testified that as Defendant exited the vehicle, a large
amount of money and what appeared to be methamphetamine were
protruding from the left inner pocket of Defendant's
unzipped coat. Officer Yarpe placed Defendant in handcuffs
and contacted Officer Branch. (TR. 13, 21, 26-29, 101).
Yarpe searched Defendant's person and found $3, 910 in
U.S. currency and 77 grams of methamphetamine packaged in
four separate plastic bags in Defendant's left inner coat
pocket. (TR. 14-15). Because of the large amount of money and
methamphetamine found in Defendant's coat pocket,
Detective Brandt searched the F-150 for additional items
related to drug dealing. (TR. 14, 17). A stolen motorcycle
was found in the back of the F-150. (TR. 29).
Branch placed Defendant in Branch's vehicle while the
other officers searched the F-150. Officer Branch obtained
Defendant's biographical information and explained to him
the circumstances of his arrest. Officer Branch and Defendant
conversed in English without difficulty. Defendant was calm
but began to cry when Officer Branch told him that he was
being arrested for possession with intent to distribute
methamphetamine. (TR. 37).
Defendant was arrested and taken to Central Headquarters,
Officer Branch provided the OPD Miranda rights
advisory form (Ex. 101) to Defendant in order to conduct an
interview. Defendant did not agree to be interviewed. He did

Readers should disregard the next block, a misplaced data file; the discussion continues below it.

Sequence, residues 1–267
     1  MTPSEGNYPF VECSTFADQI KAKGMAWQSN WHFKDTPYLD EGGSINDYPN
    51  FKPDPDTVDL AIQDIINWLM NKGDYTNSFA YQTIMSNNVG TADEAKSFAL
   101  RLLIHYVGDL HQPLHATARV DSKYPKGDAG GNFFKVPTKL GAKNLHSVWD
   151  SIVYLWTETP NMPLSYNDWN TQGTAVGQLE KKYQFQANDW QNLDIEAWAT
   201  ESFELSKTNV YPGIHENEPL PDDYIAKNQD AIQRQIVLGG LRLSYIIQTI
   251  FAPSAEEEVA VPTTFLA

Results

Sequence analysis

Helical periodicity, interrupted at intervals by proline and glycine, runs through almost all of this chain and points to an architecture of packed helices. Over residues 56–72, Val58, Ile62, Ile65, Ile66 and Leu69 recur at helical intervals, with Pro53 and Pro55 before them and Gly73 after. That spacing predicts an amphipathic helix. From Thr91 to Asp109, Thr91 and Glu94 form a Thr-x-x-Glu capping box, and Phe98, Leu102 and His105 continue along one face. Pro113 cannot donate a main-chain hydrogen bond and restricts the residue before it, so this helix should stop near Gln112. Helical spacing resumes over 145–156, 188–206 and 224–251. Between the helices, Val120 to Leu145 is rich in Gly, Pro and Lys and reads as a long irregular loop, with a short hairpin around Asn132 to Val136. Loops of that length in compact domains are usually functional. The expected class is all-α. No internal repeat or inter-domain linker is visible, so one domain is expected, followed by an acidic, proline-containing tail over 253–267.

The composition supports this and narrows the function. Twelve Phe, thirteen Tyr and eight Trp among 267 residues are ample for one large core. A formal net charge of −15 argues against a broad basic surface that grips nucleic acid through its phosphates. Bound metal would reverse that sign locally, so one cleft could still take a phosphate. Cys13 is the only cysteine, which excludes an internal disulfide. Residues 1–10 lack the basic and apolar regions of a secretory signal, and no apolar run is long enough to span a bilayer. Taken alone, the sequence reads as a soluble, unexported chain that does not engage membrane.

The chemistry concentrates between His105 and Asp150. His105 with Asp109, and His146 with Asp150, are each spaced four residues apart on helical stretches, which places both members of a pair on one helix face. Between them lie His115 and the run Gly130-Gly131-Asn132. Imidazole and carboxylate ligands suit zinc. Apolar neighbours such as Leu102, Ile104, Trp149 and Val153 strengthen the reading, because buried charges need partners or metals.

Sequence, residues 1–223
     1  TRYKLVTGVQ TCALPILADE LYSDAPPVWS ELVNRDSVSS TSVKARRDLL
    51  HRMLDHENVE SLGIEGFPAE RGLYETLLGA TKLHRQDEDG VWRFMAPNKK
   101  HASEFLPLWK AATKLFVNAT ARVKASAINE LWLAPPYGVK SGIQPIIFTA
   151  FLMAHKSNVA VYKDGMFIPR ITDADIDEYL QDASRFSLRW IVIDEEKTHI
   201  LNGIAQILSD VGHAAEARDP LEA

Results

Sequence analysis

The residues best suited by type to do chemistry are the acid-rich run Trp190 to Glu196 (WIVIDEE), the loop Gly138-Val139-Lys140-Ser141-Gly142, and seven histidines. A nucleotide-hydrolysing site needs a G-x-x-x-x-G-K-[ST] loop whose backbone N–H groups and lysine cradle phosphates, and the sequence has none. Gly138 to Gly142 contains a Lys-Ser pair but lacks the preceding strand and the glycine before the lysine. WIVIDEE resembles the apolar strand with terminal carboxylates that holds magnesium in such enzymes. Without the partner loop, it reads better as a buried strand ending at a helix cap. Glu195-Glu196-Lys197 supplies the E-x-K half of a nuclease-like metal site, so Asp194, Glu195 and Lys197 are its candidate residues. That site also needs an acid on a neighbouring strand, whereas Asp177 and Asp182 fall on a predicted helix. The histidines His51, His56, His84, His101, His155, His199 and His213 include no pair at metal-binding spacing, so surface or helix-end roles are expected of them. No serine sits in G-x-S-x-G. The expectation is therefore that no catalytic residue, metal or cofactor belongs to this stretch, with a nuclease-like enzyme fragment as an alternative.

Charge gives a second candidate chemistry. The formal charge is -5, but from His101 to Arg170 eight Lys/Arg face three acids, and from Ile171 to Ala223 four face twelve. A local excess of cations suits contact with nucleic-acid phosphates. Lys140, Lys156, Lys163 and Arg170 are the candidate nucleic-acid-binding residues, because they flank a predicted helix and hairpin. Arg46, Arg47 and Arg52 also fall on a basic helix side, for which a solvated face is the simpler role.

not ask for an attorney. (TR. 38, 107). Officer Branch then
told Defendant that he had information regarding
Defendant's access to a residence at 48th and
Blondo streets and the existence of a camper at
19th and Arbor streets. Officer Branch requested
Defendant's permission to search the residence and the
camper without the necessity of obtaining a warrant. (TR.
38-39, 62, 106-107). Defendant agreed to the search of the
camper at 19th and Arbor and signed an OPD
Permission to Search form (Ex. 2) filled out by Officer
Branch. Defendant was allowed to read the form and stated
that he could read before signing the form. (TR. 39-40).
Officer Branch and Defendant spoke in English without
difficulty. Officer Branch made no threats or promises
and Defendant appeared calm throughout. (TR. 40, 93-94).
Officer Branch transported Defendant to the camper's
location to execute the search. Officers used a key provided
by Defendant to gain entry to the camper. Officers found
about 60 grams of methamphetamine in the camper. (TR. 41).
filed the instant motion to suppress “all evidence
seized from the Defendant's person, property, motor
vehicle, cell phone, and camper[.]” (Filing No.
argues that the evidence in this case should be suppressed
because it resulted from a traffic stop without probable
cause, a search of his person, and the F-150 without a
warrant or exception the warrant requirement, and a
consensual search of the camper obtained after he had invoked
his right to remain silent. (Filing Nos. 27, 28; TR. 8, 111,
115-117). Each of these arguments is without merit, as
although standing was not addressed at the hearing, the
government did raise in its brief the issue of whether
Defendant established “that he was in lawful possession
of the truck he was driving and had any ...